Bio: Paul is an avid woodworker and the editor in chief of a website Woodworkboss.com. Through his site, Paul aspires to help fellow woodworking enthusiasts to pursue this hobby or even turn it into a successful career, all of that by sharing informative tips and guides about woodworking.
Woodworking is a craft that has been around for ages, and it remains popular as a hobby and as a form of art today. For those just beginning to look into woodworking, it can seem overwhelming, with no clear start point or guidelines for what to do.
Moreover, woodworking can seem daunting in terms of money and time commitments—but it doesn’t have to be. In order to help beginning woodworkers tackle this brave new world, here are five tips for choosing woodworking materials on a tight budget!
1. Start Small
When you’re starting out in woodworking, you won’t need to buy enough lumber to build a small barn. Beginner’s projects are everywhere to be found on the internet–projects that won’t require a huge investment in terms of price or time constraints.
Don’t worry about buying out the store, but look at what you’ll need for your project before you even leave the house, and then make your purchases with a specific plan in mind. Start with small projects that you feel confident undertaking, and work your way up from there.
2. Have a Plan of Attack
Know where your project is going ahead of time to save time and money when shopping. Know whether your project requires hardwoods or softwoods—or maybe a mix of both—and then look into which specific wood will work best for you. This is where store employees can come in handy as well—don’t second guess what you’ve already planned out, but don’t be afraid to take their advice, either.
Considering the materials and tools necessary ahead of time will give you a leg up when it comes to planning your budget, as you won’t be tempted to make impulse purchases purely out of uncertainty.
3. It Doesn’t Have to be Mahogany
For a beginning woodworker, it can be tempting to get caught up in all the choices available at any lumber store—but there is nothing wrong with starting at the lowest price.
Softwoods like cedar, pine, or spruce tend to be less expensive when compared to hardwoods like hickory, oak, or walnut, but softwood makes up about eighty percent of all timber, and can be used for a variety of projects.
Again, take into consideration the specifications of your project, but be on the lookout for woods that have a lower price.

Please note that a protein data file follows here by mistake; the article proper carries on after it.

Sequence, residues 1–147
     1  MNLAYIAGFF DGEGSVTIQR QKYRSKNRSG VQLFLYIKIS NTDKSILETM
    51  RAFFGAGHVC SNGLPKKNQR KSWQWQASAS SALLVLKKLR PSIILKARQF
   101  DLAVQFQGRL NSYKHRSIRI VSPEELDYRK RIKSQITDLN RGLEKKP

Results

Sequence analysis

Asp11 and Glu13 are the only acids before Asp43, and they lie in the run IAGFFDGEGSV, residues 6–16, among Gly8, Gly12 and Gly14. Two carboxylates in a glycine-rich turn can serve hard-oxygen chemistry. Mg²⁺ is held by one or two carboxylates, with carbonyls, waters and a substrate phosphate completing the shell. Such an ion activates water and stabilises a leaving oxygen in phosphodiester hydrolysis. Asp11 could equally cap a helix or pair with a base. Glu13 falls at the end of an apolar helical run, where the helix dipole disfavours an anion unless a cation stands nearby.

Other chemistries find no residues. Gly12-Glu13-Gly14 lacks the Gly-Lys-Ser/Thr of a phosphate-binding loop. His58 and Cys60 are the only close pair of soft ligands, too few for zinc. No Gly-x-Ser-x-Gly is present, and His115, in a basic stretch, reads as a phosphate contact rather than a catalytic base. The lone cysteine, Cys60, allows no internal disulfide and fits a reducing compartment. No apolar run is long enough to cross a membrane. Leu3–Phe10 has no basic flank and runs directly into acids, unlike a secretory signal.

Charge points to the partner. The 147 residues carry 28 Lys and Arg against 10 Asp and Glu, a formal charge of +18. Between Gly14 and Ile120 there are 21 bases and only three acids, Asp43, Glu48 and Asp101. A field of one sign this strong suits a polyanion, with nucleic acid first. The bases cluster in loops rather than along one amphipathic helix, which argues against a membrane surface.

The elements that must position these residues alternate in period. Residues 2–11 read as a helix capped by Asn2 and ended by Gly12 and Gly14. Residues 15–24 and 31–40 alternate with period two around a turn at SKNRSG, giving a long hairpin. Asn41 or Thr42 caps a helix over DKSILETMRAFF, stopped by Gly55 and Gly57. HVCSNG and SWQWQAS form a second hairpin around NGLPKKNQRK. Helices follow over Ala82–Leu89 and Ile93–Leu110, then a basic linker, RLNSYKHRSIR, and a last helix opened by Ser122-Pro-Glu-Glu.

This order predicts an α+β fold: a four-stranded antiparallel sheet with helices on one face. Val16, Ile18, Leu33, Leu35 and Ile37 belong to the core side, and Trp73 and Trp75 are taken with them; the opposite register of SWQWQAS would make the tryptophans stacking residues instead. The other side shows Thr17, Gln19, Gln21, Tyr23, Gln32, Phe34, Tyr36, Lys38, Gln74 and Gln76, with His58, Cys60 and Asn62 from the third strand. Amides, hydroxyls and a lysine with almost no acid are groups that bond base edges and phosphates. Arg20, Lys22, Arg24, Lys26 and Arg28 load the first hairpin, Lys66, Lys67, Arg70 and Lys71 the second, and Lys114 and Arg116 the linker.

4. You Don’t Need to Buy Out the Store
This overlaps with points number one and two, but still is valid. When it comes to buying woodworking tools, you won’t need a lumber mill in your garage or apartment.
Start with the tools necessary for the task at hand—a few hand tools (hammer, chisel, hacksaw, some sort of table) at first—and then think about upgrading to a few power tools (drill, jigsaw, circular saw) once you’ve got a few projects under your belt.
There’s no need to break the bank for tools that you may only use once or twice, and the assorted hand and power tools listed above can set you well on your way to being a woodworking pro.
5. Think Outside the Box (When It Comes to, Well, Boxes)
Similar to point three, you might want to try experimenting with alternative sources of wood for your first projects. We’ve all seen the posts on various social media sites about “pallet tables” and other unorthodox methods of recycling, but the idea of using reclaimed wood is nothing new, and can be a fun way to branch out into woodworking.
Reclaimed wood can be purchased online for extremely low prices, and can even be found for free with a little bit of effort—try reaching out to local contractors or excavators, as they often have an excess of wood that you may be able to use.
There will be a difference in the quality of the wood procured at a lumber store and that of reclaimed or recycled wood, but if you’re on a budget or just trying to start things off in a new way, don’t be afraid to make use of the resources that others may have overlooked!
As you dive into the exciting world of woodworking, you”ll discover a wealth of possibilities that may seem overwhelming at first. But don’t let that keep you back–start small, think outside the box, and soon you’ll be ready to tackle each new project that comes your way!